“Go to sleep,” Somers said absently, his eyes fixed on the door.

    “Cold.”

    “I’m fine.”

    “No,” Hazard said, struggling to enunciate. “I’m cold.”

    Somers’s eyes darted towards Hazard and then back to the door. “You’re fine.”

    Hazard squeezed Somers’s arm. Sleep was still rolling in, maybe a quartermile out, and Hazard was surprised at how easy it was to find the words he wanted to say, as if he really were going to board a train and this were goodbye, and you could say anything you wanted at a goodbye. “Please?

    Never change, Ree!

    Meanwhile, John-Henry Somerset is a miserable drunk…

    “No,” Hazard said.

    “You told me to make a choice,” Somers said, and that storm, that goddamn storm in his eyes had to be whipping at three hundred miles an hour. “Here it is: you.” He settled his weight against Hazard’s hand, pressing forward for the kiss.

    “No.”

    “What the fuck do you mean, no? You want this, right? Well, here it is. All those fucking teenage wet dreams come to life. How many times have you jerked off to me? Five hundred? A thousand? God, how many gallons of cum have you dumped for me?”

    You’re an ass, Somers!

    Hazard & Somerset is a very character-driven series and the volatile relationships between the two MCs and also all the well-written secondary characters provided more than enough impetus to keep me coming back for more.

    Like the first book, Transposition also comes with a chockful of trigger warnings: abuse, transphobia, misogynist language, cheating, etc. The murder victim was a vile man who treated people like shit, especially the transwoman, Columbia. In addition, there were so much hurt in this book and no uplifting resolutions for most characters and especially for Hazard and Somers, who, as always, ignored the ginormous neon elephant in the room. There is also an even bigger conspiracy afoot. People in high places wanted the two detectives dead, along with the rest of the people in the house. This part constitutes one of the overarching threads of the series and creates more trouble for our MCs to deal with.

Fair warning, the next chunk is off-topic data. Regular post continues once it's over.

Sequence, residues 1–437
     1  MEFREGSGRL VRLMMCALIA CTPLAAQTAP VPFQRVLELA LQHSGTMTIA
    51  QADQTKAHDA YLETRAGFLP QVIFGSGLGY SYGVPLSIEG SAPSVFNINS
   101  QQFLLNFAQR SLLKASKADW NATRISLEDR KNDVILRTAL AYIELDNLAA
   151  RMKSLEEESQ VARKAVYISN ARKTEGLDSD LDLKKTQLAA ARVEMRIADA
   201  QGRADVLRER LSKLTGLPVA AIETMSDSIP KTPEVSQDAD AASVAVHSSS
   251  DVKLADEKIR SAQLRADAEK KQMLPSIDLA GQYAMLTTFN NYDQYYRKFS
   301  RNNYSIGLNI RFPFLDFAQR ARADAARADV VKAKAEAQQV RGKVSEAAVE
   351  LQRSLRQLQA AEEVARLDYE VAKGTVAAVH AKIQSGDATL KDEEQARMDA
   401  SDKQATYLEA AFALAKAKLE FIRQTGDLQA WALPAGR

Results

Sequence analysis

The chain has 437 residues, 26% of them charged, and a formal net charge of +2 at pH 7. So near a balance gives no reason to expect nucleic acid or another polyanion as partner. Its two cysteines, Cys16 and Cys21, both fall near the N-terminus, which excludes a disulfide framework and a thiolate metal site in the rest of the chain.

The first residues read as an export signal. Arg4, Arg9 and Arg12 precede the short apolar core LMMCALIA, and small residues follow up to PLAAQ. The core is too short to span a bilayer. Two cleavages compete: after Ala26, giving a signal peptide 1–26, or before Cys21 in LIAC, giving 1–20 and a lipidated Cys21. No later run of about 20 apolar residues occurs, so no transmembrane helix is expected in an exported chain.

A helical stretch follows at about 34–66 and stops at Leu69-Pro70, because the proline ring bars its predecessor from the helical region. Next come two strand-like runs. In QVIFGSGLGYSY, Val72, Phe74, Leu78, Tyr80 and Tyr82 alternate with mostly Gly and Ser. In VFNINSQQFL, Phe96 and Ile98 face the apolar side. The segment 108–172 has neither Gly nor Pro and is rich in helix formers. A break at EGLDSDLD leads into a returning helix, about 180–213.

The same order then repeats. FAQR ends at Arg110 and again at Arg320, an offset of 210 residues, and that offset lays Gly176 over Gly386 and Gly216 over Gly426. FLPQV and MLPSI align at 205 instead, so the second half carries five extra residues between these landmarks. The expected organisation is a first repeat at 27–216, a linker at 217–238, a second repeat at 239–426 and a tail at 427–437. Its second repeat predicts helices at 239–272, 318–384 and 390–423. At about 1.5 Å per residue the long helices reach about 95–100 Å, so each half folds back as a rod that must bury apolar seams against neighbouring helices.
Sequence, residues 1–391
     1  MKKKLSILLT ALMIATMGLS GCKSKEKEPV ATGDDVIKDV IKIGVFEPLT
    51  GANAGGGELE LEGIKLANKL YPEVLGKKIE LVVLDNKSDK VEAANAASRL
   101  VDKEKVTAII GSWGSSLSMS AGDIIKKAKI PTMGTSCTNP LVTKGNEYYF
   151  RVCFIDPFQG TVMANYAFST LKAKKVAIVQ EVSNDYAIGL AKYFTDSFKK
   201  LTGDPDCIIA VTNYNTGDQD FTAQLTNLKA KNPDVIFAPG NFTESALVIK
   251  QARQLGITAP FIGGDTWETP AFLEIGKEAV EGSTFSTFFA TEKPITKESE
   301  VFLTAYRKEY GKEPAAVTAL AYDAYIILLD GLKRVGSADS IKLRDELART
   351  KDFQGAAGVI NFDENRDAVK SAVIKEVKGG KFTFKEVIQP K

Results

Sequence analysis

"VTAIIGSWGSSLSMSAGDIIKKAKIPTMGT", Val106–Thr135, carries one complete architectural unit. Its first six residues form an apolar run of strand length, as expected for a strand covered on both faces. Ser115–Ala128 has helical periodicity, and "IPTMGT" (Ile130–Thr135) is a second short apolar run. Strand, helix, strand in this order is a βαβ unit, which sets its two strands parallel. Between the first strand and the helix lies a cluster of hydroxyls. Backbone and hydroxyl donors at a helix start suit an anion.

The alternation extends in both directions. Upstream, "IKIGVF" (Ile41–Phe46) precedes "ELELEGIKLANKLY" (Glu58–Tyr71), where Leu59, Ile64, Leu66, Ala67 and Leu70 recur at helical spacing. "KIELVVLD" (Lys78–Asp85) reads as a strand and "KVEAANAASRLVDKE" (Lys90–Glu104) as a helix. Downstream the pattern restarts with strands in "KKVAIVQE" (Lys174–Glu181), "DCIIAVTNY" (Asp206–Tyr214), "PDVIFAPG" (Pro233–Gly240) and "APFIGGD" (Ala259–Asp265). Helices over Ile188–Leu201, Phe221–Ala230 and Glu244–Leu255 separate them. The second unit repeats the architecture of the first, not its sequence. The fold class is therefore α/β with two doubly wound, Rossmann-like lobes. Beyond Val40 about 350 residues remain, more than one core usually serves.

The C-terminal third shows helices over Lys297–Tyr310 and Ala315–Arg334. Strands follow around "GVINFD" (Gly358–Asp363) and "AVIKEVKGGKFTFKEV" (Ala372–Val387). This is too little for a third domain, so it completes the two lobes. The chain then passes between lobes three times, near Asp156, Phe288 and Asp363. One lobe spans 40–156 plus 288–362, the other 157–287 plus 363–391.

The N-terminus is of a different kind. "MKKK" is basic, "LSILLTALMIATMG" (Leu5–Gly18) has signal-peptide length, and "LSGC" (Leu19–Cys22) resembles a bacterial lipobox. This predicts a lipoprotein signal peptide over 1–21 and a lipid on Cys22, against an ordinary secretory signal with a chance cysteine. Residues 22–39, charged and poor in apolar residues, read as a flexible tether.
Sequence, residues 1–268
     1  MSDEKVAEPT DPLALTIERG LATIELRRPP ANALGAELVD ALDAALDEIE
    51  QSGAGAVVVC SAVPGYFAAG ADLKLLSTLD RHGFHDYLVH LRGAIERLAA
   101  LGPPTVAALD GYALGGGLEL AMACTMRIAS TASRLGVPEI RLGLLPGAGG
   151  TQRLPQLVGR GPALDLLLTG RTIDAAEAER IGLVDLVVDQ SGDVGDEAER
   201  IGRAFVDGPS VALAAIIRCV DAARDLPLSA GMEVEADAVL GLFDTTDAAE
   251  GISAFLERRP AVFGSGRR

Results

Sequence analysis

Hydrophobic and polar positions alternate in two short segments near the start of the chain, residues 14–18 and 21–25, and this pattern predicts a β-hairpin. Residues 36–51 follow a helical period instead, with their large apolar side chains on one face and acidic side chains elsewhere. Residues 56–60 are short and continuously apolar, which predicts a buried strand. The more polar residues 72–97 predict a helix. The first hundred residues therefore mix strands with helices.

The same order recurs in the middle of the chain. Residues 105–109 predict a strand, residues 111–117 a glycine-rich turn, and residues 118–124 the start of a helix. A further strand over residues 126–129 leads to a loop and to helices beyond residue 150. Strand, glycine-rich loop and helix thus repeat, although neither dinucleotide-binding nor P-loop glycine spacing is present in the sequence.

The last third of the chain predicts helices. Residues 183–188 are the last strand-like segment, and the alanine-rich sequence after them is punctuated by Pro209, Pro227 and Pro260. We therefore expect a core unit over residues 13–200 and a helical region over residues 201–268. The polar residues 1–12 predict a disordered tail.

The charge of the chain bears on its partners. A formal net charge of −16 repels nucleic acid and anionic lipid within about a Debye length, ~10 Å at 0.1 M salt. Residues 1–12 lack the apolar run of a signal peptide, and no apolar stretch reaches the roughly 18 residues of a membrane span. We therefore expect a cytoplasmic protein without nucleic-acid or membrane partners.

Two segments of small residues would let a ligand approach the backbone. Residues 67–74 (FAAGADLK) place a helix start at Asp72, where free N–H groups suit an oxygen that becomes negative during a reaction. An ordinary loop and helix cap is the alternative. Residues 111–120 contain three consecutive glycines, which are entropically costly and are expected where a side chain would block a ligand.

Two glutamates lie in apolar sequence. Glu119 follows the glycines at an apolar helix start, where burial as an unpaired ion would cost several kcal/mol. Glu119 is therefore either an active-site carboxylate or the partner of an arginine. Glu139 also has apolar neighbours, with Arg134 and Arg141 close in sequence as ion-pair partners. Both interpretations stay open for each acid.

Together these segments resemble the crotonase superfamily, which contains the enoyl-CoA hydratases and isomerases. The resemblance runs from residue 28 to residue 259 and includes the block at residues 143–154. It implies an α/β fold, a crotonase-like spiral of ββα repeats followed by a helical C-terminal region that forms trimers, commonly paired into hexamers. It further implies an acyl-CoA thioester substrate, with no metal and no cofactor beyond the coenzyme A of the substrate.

The two detectives were stuck in a big house in the middle of a snow storm with a bunch of unlikable people who were all suspects. Tensions ran high as the forced proximity and murders brought out the worst in everybody. The mystery wasn’t very exciting, just convoluted but with Gregory Ashe’s deft hand and lyrical imagery, I hardly felt the drag. I was riveted, not only because of Hazard and Somers’ dynamics but also the author’s way with words that just flowed beautifully. The writing works well with the distinct cadence and timbre of Tristan James’ voice, who did a great job in bringing the book to life.

    That ending tho…

    Breaks the heart and leaves me cold. It’s frustrating as hell that I wanted to hurl the book but it got me where it wants me because I’m picking up that third book ASAP.

    P.S.

    I have no idea why the title is Transposition. This is not a standalone so it’s best to start with Pretty Pretty Boys, review here

    Rating:
    4 Stars – minor quibbles but I loved it to bits

    Soundtrack: A Million Ways
    Artist: Ok Go
    Album: Oh No

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  • book,  Uncategorized

    REVIEW: Pretty Pretty Boys by Gregory Ashe

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    Hazard and Somerset: Pretty Pretty Boys – Gregory Ashe

    After Emery Hazard loses his job as a detective in Saint Louis, he heads back to his hometown–and to the local police force there. Home, though, brings no happy memories, and the ghosts of old pain are very much alive in Wahredua. Hazard’s new partner, John-Henry Somerset, had been one of the worst tormentors, and Hazard still wonders what Somerset’s role was in the death of Jeff Langham, Hazard’s first boyfriend. 

    When a severely burned body is discovered, Hazard finds himself drawn deeper into the case than he expects. Determining the identity of the dead man proves impossible, and solving the murder grows more and more unlikely. But as the city’s only gay police officer, Hazard is placed at the center of a growing battle between powerful political forces. To his surprise, Hazard finds an unlikely ally in his partner, the former bully. And as they spend more time together, something starts to happen between them, something that Hazard can’t–and doesn’t want–to explain.